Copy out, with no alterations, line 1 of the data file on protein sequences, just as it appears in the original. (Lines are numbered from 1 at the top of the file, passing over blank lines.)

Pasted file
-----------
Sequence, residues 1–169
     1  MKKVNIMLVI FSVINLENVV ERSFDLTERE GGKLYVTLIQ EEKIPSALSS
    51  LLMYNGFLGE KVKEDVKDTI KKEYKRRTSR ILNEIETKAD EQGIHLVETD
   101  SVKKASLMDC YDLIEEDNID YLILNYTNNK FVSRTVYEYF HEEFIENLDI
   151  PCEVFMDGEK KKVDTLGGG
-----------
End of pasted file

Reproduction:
Sequence, residues 1–169